AN UNFORGETTABLE JOURNEY INTO HUMAN TALENT
PHOTOGRAPHY BY JEAN MARIE DEL MORAL @JEANMARIEDELMORAL ILLUSTRATIONS BY JAVIER MARISCAL ABCdARI IL.LUSTRAT ANTONI BOSCH EDITOR SAU 2022 WORDS AND INTERVIEW BY CARLOS ÁLVAREZ STARRING @MARISCALOFICIAL
When people ask me about Barcelona, my city, I tell them about its clichés. The beautiful architecture, where the modernist style, among others, covers façades and roofs with dragons or seabeds. The colourful markets and amazing restaurants, where you can eat an incredible number of delicious “tapas”. Or the sunny beaches, where every day the waves comb the fine sand. But if anyone has been able to capture the essence of the city, it’s undoubtedly Javier Mariscal.
One of the main authors of the transformation that the city underwent at the end of the 20th century, leaving an unforgettable mark and identity, becoming a symbol of our contemporary culture and a point of reference for many generations. Javier Mariscal is one of those people who, when you meet him for the first time, forces you to find your place. A guy who smokes Ducados and who likes to speak without censorship, in a direct, irreverent way, but without intending to offend. He is a man who’s pissed off by “political correctness”. His works are a display of imagination and originality, capturing the essence of everyday life, full of colour, vitality and humour.
His characters, endowed with a unique singularity and expressiveness, seem to take on a life of their own. Mariscal has created some of the most beloved and recognisable icons in our popular culture, such as COBI, the mascot of the 1992 Barcelona Olympic Games. A friendly dog, whose abstract form and playful attitude became a symbol of the city and an emblem of the games, captivating people all over the world.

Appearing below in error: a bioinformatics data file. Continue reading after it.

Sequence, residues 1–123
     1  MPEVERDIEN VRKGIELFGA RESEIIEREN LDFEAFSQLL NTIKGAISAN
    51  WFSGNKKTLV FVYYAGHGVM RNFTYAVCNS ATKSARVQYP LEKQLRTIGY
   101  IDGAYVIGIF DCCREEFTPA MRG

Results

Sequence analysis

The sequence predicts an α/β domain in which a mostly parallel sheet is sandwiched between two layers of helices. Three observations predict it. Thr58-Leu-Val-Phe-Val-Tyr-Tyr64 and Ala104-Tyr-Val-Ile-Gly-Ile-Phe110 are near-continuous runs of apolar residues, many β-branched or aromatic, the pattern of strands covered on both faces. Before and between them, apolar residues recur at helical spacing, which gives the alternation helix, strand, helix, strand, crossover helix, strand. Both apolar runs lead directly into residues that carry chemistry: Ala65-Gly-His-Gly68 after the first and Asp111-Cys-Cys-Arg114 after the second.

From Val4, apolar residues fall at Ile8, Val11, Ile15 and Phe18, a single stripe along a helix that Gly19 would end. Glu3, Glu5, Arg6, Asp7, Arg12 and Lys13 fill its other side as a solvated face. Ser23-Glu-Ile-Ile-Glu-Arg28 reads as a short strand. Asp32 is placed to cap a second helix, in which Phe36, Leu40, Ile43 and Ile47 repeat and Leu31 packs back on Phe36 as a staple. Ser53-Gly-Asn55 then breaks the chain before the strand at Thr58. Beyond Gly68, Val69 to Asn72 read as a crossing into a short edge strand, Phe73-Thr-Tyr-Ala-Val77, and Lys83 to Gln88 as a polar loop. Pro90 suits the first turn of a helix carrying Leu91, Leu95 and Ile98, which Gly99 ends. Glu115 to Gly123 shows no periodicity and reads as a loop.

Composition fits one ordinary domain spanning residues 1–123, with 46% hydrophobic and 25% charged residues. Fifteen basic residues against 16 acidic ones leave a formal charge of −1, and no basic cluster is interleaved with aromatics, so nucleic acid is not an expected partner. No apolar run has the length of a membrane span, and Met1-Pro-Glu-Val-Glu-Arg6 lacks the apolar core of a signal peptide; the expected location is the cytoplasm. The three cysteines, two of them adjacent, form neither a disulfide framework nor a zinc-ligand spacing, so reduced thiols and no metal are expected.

An insatiable creator of images and a great visual communicator, he confesses that he doesn’t like to talk much about his work. He always looks ahead and this is reflected in his work and his great ability to fuse different creative disciplines ranging from graphic design and illustration to sculpture, furniture, interior design, ceramics and cinema. His latest project is an animated film that has taken him 5 years of work together with the film director and friend Fernando Trueba. ‘They shot the piano player’. It will premiere in Madrid on October 6th, 2023.
You arrived in Barcelona at the age of 20, in the 70s, what did you find?
I was born in Valencia, to a good family. We were 11 siblings. I studied in good schools and at the age of 20 I came to Barcelona and I found a very powerful city, where a countercultural movement was starting that you couldn’t find anywhere else in the country. Those were very exciting and interesting years. I started studying graphicdesignattheElisavaSchool,butIsoon dropped out. We lived in houses with a lot of friends, like a commune, and there it was like a kind of common box where people shared everything, not just material things. We were soaking up the whole hippie movement that was starting to arrive from the US, it was a new way of socialising, there was an eagerness to enjoy that beautiful concept, “freedom”. I remember a traffic sign at the intersection of Paseo de Gracia and Gran Vía that said FRANCE, which for us, still under Franco’s dictatorship, was synonymous with freedom. The discovery of the photocopier was amazing for us. It allowed us to make comics, like those from the American Underground, but we made them about our reality, we had a strong need to tell stories, to narrate our surroundings. So we started to publish and sell them in bars, on the street, to exchange them for sandwiches or beer. We met new people who were doing things like us, people like Nazario, among others. Discovering Nazario was discovering that there was someone who could draw like shit, with an awesome background. Those were years when creatively we had all the freedom, we got high, we discovered free love, but we also suffered it. We had a great time.
In the 80s you were already recognised as a multifaceted artist. You designed your first piece of furniture, the “Dúplex” stool. How did you come up with this stool?